It wasn’t a good week for Nova Scotia.
The province killed off another level of government, and the only discernable reason was that Stephen McNeil’s Liberals believe bureaucrats make better decisions than Nova Scotians elected to school boards.
The deed is done, so we can only hope the government is right.
There was enough talk about a democratic deficit this week in the House of Assembly that, by sheer repetition, at least one observer of the place – and there aren’t many – started to buy in.
The government killed off the school boards like it was no big deal. It should never be a casual thing to end democratically-elected governance, in school administration or anything else. It is an authoritarian act and needs to be recognized as such.
Nor should it escape note that a government elected by less than 40 per cent of those who bothered to vote last May ended a democratic institution that is seven years older than Education Minister Zach Churchill. Legislators who represent the other 60 per cent of voters were unanimous and vehement in their opposition to the McNeil government’s power play.
March break is more welcome than usual this year.
The break should provide teachers respite from the politics of education, which they need every bit as much as a recess from the classroom. The rest of us won’t suffer by the week’s holiday from the legislature either.
With school boards destined for the boneyard, the brave new world dawns with what the government says will be “empowered” school advisory councils. And because the province never fails to mix some Orwell with its Huxley, an appointed provincial advisory council will meet in secret and never disclose what it tells the minister.
Orwell’s 1984 gave us a world where truth was concealed, but it was Huxley’s Brave New World that anticipated a world where the truth is indistinguishable in what Neil Postman called the sea of irrelevance. The government rammed its education bill though in days, confident that once passed it would disappear amid our “almost infinite appetite for distraction,” just as Huxley predicted.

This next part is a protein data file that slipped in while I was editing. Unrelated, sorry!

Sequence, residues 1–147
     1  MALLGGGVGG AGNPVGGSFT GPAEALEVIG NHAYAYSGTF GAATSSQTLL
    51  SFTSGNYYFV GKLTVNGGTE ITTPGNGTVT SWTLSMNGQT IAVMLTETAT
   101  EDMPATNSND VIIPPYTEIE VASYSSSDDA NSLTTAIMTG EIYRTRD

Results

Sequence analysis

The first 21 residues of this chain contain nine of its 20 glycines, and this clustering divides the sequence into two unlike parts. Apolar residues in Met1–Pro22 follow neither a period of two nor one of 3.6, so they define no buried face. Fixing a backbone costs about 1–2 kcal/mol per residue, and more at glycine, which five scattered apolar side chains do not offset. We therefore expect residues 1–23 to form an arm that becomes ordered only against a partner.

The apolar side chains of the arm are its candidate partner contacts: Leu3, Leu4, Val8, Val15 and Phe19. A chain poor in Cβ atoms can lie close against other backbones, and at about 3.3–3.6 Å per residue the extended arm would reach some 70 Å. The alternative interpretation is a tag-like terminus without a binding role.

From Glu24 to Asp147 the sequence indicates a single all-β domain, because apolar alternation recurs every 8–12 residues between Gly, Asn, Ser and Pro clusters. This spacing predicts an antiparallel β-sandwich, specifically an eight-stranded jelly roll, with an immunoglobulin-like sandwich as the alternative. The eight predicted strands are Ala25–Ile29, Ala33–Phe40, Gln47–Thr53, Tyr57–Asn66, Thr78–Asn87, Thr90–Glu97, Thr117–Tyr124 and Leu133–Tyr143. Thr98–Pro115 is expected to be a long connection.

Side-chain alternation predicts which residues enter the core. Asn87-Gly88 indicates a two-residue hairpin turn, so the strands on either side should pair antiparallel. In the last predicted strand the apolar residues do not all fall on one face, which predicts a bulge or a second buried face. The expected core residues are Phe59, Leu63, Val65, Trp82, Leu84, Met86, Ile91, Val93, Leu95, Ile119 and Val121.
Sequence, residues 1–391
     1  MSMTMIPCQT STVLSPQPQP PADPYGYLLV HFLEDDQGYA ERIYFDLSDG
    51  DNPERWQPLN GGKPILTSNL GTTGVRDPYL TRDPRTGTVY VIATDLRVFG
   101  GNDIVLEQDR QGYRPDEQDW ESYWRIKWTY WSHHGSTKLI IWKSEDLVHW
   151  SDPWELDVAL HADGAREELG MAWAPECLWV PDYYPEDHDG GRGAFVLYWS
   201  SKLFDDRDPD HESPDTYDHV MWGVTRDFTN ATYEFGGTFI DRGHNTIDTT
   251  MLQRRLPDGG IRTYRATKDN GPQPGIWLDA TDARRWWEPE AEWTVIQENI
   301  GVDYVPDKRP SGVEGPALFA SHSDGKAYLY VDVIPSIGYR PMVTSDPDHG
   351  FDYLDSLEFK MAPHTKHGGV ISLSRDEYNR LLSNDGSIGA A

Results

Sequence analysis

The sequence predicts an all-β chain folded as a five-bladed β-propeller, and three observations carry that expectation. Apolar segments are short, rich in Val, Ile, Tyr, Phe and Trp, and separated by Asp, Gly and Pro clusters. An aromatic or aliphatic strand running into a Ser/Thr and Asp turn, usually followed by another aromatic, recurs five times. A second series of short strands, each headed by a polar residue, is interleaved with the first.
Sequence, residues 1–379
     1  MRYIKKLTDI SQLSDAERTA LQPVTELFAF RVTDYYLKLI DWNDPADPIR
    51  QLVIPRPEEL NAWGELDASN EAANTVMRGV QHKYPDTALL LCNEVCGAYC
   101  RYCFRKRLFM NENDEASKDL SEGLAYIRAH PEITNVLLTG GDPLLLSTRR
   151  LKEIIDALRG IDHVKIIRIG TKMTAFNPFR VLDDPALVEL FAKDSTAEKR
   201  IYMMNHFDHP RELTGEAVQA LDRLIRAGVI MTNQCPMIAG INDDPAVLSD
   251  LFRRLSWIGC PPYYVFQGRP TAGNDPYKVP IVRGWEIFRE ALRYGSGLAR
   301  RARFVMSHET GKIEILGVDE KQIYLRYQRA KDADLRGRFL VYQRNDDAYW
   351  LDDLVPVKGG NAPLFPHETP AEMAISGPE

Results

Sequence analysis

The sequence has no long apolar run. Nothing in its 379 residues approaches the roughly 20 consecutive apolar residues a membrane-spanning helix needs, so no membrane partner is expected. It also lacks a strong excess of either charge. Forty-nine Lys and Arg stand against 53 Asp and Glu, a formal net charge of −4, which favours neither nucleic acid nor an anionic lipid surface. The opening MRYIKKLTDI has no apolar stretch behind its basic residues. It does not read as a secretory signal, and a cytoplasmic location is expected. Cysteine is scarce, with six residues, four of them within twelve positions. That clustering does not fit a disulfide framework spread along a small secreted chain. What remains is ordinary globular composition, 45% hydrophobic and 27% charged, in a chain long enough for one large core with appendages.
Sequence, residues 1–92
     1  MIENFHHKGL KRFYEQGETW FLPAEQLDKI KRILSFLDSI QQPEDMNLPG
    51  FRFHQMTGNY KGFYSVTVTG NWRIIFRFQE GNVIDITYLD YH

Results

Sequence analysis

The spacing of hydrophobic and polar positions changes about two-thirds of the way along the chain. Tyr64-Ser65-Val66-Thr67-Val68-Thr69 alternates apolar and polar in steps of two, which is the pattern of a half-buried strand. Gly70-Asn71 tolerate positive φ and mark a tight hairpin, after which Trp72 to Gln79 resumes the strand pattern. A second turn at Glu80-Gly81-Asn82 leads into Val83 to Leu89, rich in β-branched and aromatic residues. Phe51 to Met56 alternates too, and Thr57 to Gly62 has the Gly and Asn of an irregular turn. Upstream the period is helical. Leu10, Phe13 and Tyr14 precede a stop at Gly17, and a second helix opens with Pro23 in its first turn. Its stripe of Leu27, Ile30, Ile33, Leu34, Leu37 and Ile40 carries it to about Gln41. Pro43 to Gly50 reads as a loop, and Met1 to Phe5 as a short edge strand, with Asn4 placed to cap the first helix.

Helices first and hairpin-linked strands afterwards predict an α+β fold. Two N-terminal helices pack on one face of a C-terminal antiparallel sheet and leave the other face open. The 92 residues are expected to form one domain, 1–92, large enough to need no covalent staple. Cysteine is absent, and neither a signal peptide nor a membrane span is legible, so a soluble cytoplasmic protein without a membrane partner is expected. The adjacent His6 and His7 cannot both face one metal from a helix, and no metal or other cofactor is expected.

Orwell and Huxley were writing fiction, at least in their day, as was Avis Glaze when she penned the report the province commissioned to justify turning public education on its head.
She bestowed power of mystic proportion on a handful of standardized test scores, before designing her own dystopian future, where calling school superintendents by a different title would bring harmony to our schools’ chaos.
There are, at last count, 425 public schools in Nova Scotia and each of them, or each “family” of schools is to have an advisory council that can pencil in its annual meeting with the minister of education, as per Glaze recommendation 1b. Every three months, each of these school councils will also enjoy the undivided attention of the regional bureaucrat formerly known as the superintendent of schools. In Halifax, that’s 134 meetings each quarter for the non-super, and if the education minister manages to schedule five school councils a day, he can get all his meeting done in four months so long as he devotes five days a week to the task.
When you call the minister of education, as he suggested, to ask why the school bus is never on time, he really will be in a meeting.
Obviously, the accountability framework Glaze devised to replace elected school boards is sheer fantasy, but there is no reality, at least not in the province’s master plan for your kids’ education.
Churchill makes one good point when he says change is never easy. Change is inevitable. When managed well, it is generally for the better and it’s long overdue in public education. But the devil is in the details, and those are non-existent.
“We’ll just have to wait and see,” is a favorite dodge of Donald Trump, the dodgiest politician on the planet. It’s also the unsatisfying answer to almost every question about how the school system will work come September.
What you don’t know can’t hurt you. The Orwellians in the provincial government see that as a good reason not to tell you anything, while Huxley’s apostles are confident your attention is fleeting and drawn to the trivial anyway.
Ah, but it’s March break. Time to forget about all this stuff and read a good book or two.
Jim Vibert, a journalist and writer for longer than he cares to admit, consulted or worked for five Nova Scotia governments. He now keeps a close and critical eye on provincial and regional powers.